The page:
Preventing marine mammal entanglements
Marine mammals are vulnerable to entanglement in nets and lines, so we tested whether pingers attached to fishing gear would deter entanglements with various marine at SeaWorld San Diego. Marine mammal responses to pingers differed strikingly between animals, but all of the animals initially showed aversion to the sound. Harbor seals left the test pool or occasionally touched the pinger object, although some eventually manipulated the pinger extensively. California sea lions reacted initially with avoidance and defensive behaviors. However, they quickly returned to baseline activities and readily took fish from nets with pingers. Northern elephant seals reacted the least. Bottlenose dolphins and a Pacific white-sided dolphin did not manipulate the objects but made fast investigative or passes near them. They also did jaw claps, which is a threatening behavior. Commerson’s dolphins responded particularly strongly. Counts of some defensive or aggressive behaviors differed dramatically in the presence vs absence of the pinger, including bows (70 vs 0), rooster-tailing (117 vs 0), and fluke slaps (76 vs 2). Across seven trials, avoidance time in a refuge pool rose to more 90%, indicating animals were becoming more sensitive to the noise. However, Commerson’s dolphins charged fishing nets deliberately in spite of the pinger. These experiments show it is more likely that pingers reduce entanglement by arousing aversion than by warning marine mammals to avoid a hazard.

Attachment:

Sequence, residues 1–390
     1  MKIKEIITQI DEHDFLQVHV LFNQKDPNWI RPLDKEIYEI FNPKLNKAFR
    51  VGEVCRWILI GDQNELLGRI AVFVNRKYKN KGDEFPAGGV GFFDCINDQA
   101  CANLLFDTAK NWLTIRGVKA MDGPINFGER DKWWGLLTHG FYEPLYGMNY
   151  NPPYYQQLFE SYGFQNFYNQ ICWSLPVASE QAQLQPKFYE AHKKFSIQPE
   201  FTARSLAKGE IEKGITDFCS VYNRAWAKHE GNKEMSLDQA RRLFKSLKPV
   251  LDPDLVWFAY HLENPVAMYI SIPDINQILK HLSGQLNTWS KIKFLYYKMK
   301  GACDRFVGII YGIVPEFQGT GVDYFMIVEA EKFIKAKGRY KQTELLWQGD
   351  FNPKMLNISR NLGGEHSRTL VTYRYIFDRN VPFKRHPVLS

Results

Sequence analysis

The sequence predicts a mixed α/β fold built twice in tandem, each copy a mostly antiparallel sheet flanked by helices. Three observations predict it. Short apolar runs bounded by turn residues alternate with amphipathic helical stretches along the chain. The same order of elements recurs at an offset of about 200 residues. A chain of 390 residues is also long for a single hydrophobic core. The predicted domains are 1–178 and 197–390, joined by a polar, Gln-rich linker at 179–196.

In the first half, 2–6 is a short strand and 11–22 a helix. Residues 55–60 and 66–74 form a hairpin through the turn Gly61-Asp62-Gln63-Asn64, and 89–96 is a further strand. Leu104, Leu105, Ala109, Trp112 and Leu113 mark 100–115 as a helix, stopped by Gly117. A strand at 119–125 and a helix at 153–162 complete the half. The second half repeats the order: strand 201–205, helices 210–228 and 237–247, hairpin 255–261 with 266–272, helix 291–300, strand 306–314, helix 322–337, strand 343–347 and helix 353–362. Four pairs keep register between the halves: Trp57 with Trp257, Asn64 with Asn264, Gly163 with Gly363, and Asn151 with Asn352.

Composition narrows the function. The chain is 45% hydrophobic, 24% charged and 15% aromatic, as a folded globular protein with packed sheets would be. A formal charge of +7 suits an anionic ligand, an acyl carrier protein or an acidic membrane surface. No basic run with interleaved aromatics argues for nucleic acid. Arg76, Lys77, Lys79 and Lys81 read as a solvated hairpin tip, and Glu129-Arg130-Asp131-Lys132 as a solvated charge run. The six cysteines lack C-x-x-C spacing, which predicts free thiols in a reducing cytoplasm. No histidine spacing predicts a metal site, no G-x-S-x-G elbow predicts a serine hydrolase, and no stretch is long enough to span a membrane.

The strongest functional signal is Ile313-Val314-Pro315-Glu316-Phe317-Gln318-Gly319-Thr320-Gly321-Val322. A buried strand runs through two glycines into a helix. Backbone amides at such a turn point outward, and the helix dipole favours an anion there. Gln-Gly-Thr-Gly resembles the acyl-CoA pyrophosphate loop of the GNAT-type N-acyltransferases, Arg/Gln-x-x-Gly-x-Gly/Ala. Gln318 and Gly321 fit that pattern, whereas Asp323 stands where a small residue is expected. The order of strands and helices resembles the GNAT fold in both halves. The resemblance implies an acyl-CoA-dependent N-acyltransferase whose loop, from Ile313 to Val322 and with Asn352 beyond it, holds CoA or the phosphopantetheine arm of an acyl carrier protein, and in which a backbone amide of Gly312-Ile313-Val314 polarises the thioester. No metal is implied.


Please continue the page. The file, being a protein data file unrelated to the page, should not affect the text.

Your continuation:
Bowles, A.E. and R.C. Anderson. 2012. Behavioral responses and habituation of pinnipeds and small cetaceans to novel objects and simulated fishing gear with and without a pinger. Aquat Mamm 38:161-188.